• leggypeggy / Feb 17 2014 2:21 pm

      Yes, momos are steamed and absolutely divine. We started slow by ordering a plate to share, then another, then another. Burp!


  8. Prayaanindia / Feb 27 2014 5:13 am

    Oh my god… I still remember the taste of them, what a food!! I would love to go there again and again. I should dedicate a one-month overland trip to Indian food only. What you think!! 😉


    • leggypeggy / Feb 27 2014 7:55 am

      A food trip! Yes! Can I be the one who goes to check out restaurants?


  9. thegreyeye / Apr 5 2015 6:36 pm

    Wow, you are really enjoying the taste of India.That is great as I do not find many westerner to do that. Many of then usually complain of food being spicy or not clean. Though I find them great.


    • leggypeggy / Apr 9 2015 9:53 pm

      We adore Indian food. In fact, I think most Australians and Britishers are very fond of Indian dishes.

      Liked by 1 person

  10. jim chagg / Apr 1 2016 10:54 pm

    Enjoy a holiday in the wilderness of Jim Corbett and catch a glimpse of Tiger and other wild animals in the lush forests of the national park.


    • leggypeggy / Apr 12 2016 3:49 am

      We didn’t see much wildlife in Corbett when we were there, but we really enjoyed the landscapes.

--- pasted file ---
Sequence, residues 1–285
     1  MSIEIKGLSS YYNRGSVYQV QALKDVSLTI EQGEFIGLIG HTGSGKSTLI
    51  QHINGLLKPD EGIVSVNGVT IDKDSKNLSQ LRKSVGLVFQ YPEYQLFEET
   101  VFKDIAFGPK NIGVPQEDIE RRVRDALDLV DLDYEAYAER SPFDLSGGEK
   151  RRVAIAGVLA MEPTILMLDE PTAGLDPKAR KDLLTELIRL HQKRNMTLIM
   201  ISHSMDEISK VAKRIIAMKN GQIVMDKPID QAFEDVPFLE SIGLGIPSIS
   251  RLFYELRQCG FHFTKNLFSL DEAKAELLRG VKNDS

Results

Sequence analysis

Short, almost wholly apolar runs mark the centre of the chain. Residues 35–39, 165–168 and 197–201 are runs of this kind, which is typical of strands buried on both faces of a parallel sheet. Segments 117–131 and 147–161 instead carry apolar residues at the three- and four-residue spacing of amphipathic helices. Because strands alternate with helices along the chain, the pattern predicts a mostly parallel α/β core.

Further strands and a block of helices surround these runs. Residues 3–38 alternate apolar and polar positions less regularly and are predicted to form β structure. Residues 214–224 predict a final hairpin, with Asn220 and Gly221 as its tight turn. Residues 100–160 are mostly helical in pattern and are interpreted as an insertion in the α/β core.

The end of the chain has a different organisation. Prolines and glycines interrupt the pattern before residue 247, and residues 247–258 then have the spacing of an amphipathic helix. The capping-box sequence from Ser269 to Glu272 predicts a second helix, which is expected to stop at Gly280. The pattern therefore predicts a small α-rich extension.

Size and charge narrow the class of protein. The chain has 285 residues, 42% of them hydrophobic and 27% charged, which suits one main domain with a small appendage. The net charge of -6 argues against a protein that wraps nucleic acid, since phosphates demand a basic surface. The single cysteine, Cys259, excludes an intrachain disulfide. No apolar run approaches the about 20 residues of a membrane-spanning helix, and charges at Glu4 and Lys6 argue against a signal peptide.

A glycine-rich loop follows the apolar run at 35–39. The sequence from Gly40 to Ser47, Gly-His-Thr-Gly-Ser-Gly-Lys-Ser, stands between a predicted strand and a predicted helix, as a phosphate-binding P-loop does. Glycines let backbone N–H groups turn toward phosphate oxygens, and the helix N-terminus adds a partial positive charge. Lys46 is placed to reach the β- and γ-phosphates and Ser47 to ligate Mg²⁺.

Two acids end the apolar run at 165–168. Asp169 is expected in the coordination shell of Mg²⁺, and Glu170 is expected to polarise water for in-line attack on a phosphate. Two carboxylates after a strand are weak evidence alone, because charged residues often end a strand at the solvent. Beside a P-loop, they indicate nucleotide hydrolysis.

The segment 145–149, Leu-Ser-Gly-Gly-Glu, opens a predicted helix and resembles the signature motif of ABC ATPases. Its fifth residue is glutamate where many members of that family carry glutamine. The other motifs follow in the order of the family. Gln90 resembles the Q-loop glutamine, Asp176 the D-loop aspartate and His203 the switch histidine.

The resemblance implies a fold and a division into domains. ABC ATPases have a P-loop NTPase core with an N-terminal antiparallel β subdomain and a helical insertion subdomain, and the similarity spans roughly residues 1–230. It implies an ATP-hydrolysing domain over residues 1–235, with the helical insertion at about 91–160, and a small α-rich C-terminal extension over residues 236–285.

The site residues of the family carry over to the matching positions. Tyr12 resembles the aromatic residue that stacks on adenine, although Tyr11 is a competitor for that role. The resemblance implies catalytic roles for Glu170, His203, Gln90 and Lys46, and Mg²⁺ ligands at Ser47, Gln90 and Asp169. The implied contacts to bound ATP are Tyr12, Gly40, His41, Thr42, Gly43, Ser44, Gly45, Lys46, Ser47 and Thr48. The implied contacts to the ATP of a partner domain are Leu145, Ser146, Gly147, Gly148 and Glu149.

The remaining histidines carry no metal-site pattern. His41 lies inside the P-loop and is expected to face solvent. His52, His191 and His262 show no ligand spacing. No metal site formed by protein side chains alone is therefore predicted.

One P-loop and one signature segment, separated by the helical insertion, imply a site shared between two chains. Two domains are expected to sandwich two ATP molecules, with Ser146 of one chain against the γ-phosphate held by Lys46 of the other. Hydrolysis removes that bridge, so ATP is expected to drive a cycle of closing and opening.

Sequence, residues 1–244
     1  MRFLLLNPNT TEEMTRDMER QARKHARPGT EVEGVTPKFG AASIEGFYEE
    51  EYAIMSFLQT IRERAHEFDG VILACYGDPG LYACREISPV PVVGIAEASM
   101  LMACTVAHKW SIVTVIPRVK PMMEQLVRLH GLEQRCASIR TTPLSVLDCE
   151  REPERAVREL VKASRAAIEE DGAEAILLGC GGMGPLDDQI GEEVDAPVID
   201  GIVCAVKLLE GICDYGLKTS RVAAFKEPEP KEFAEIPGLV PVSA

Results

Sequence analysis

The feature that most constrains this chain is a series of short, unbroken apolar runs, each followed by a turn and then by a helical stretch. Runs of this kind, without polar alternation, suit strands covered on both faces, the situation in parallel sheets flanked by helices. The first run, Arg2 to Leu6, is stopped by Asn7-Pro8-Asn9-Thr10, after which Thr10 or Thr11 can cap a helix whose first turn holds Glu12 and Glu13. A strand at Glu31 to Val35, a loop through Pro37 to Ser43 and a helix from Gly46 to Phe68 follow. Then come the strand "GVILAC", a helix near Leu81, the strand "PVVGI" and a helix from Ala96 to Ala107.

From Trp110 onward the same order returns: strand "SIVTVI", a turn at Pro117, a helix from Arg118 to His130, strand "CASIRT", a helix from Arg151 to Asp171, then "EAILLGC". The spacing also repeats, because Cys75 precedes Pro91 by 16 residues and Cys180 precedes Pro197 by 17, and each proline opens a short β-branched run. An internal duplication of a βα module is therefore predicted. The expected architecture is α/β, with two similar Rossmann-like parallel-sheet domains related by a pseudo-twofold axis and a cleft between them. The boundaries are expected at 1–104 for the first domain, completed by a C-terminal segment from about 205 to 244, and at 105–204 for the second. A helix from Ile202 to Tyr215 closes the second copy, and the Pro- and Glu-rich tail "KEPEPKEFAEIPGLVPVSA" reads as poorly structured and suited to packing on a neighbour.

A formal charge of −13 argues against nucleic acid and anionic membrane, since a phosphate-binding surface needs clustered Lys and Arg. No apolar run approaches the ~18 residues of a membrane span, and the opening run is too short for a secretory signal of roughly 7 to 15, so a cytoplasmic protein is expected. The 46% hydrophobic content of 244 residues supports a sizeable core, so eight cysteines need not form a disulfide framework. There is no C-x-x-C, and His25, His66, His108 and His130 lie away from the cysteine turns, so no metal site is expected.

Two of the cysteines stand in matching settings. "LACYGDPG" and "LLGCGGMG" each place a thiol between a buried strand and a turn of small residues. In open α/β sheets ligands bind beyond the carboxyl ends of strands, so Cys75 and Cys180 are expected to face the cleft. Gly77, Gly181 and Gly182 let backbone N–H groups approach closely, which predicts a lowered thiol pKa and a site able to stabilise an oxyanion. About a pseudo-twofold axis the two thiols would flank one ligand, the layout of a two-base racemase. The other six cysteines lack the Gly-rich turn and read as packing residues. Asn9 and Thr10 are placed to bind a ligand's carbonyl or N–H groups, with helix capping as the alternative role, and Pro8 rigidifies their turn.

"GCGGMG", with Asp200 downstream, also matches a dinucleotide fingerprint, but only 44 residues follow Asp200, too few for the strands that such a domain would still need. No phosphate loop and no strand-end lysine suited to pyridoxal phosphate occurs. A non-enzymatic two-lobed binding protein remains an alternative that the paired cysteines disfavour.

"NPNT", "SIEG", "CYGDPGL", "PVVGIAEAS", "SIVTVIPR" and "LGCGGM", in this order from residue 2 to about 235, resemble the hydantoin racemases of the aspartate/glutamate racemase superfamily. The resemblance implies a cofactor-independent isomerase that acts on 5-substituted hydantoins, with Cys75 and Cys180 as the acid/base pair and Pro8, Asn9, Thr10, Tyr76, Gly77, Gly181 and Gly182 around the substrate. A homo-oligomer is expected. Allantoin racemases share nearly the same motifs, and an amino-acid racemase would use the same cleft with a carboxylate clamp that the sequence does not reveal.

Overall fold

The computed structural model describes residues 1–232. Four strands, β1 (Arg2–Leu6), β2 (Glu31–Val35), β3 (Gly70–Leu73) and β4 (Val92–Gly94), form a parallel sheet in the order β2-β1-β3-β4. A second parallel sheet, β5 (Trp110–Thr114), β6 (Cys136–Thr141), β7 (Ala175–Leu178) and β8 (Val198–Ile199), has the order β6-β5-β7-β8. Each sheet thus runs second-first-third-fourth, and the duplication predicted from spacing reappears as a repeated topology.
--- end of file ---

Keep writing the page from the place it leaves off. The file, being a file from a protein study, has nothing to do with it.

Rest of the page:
11. Vicki / Oct 15 2016 12:00 pm

    Looks delicious and great Photography, Peggy.
    (and yes, I am now hungry for some Indian Food…….despite my, now, delicate digestion). I have 97% of the spices needed for most Indian dishes, so I might just have a cook-a-thon in the next week if I can reduce the heat in some of my recipe books).

    Liked by 1 person

    • leggypeggy / Oct 25 2016 1:13 am

      I hope you got to make some Indian dishes. I’d be happy to suggest some low-heat options.

      Liked by 1 person

      • Vicki / Oct 25 2016 8:57 am

        I get most of my recipes from Charmaine Solomon’s The Complete Asian Cookbook. I’m making Dahi Murgh (Chicken and Yoghurt Curry on p 45) tonight. It’s simple and one only needs to ensure you have plain yoghurt and some good fragrant fresh coriander. (smkt fresh coriander seems to have no smell at all so I usually buy it from an Asian grocer at the market, smelling it first to ensure I’ve got a good bunch). On this occasion, my brother has brought me down a fresh bunch from his country hobby farm over the weekend. I’ve usually got fresh garlic and ginger anyway.

        In general, I tend to prefer vegetarian, chicken or lamb curries. Beef curry always seems tough to me. I usually dry roast the individual spices, then add a puree of fresh coriander, onion, garlic, ginger and a little ghee or oil, then whatever the recipe says from there. I’m a big fan of panak paneer too.

        Liked by 1 person

      • leggypeggy / Oct 25 2016 1:20 pm

        Solomon’s book is excellent and I use mine often. I also like cookbooks and recipes by Madhur Jaffrey and Julie Sahni.

        I agree with you about fresh coriander and always make the effort to buy from an Asian shop or farmer’s market. And, yes, I prefer vegetarian, chicken or lamb curries, although I make a good beef rendang that cooks for four hours and gets quite tender.

        Have you ever made your own paneer?

        Liked by 1 person

      • Vicki / Oct 25 2016 8:16 pm

        No , I haven’t Peggy.